In Remembrance

Today is Martin Luther King Jr. Day.  You probably are aware of that, especially if you live in the states, even if it's only because you got the day off.  (Sorry if you didn't!)

The NBA on TNT is recognizing this by putting a banner above their digital scoreboard and having players share.  And I appreciate the recognition, even the small ones.

But I think we also forget a lot about the man.  King is more than "I Have a Dream."  He's more than a march or two (or dozens).

I've been reading through King's Letter from a Birmingham Jail tonight.  Tania suggested it and I hadn't read through it yet.  I also transcribed a video about the history of human rights for work.

Needless to say, I dwelled more on the history behind today, behind this holiday, more than I usually do.  And I liked it.

I haven't actually made it through King's letter yet.  It's dense and I'm sitting in front of the TV with the fam.  There was Jeopardy (I got a handle for of answers right, which never fails to make me feel a little bit smart) and lots of basketball, a household staple.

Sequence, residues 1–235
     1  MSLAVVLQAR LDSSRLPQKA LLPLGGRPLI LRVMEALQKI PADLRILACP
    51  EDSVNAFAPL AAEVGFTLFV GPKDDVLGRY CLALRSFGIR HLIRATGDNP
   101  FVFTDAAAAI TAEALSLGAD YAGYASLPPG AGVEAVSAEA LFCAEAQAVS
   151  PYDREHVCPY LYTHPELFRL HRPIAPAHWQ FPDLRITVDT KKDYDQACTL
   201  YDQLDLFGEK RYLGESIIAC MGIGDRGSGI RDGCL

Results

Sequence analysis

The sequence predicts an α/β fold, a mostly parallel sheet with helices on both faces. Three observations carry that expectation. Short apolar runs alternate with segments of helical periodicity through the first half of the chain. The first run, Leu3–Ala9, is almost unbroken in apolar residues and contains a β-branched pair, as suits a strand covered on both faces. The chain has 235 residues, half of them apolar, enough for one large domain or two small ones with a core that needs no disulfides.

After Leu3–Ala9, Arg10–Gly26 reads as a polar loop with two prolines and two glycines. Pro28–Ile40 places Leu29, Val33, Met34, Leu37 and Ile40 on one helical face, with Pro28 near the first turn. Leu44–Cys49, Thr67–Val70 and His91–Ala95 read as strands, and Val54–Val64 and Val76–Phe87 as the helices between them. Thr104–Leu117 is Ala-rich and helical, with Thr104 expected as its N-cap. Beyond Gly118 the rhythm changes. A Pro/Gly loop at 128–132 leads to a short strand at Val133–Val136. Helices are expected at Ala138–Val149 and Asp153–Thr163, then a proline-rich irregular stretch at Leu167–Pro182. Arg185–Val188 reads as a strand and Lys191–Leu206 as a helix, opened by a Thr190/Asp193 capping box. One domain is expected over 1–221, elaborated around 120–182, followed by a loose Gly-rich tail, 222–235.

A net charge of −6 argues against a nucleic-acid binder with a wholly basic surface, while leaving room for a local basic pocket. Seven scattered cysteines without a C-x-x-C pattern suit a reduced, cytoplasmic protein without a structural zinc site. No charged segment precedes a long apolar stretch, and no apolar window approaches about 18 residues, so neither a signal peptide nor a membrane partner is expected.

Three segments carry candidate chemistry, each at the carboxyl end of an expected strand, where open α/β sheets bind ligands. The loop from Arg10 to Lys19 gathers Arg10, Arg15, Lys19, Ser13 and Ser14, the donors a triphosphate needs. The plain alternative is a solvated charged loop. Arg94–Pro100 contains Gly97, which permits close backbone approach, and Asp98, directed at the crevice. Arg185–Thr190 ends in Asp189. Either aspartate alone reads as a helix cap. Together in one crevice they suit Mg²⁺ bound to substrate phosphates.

I did want to share a few pieces of the letter that have stood out to me.  Keep in mind that I'm about half way through.  Like I said, it's dense.  Here are my faves so far:

"We are caught in an inescapable network of mutuality, tied in a single garment of destiny. Whatever affects one directly, affects all indirectly. "

"But I must confess that I am not afraid of the word "tension." I have earnestly opposed violent tension, but there is a type of constructive, nonviolent tension which is necessary for growth."

"The answer lies in the fact that there are two types of laws: just and unjust. I would be the first to advocate obeying just laws. One has not only a legal but a moral responsibility to obey just laws. Conversely, one has a moral responsibility to disobey unjust laws. I would agree with St. Augustine that 'an unjust law is no law at all.'"

"To put it in the terms of St. Thomas Aquinas: An unjust law is a human law that is not rooted in eternal law and natural law. Any law that uplifts human personality is just. Any law that degrades human personality is unjust."

"Shallow understanding from people of good will is more frustrating than absolute misunderstanding from people of ill will. Lukewarm acceptance is much more bewildering than outright rejection."

"We must come to see that, as the federal courts have consistently affirmed, it is wrong to urge an individual to cease his efforts to gain his basic constitutional rights because the quest may precipitate violence. Society must protect the robbed and punish the robber." 

Next, I have plans to read through the Universal Declaration of Human Rights.  It's days like today that I remember how much I enjoy learning.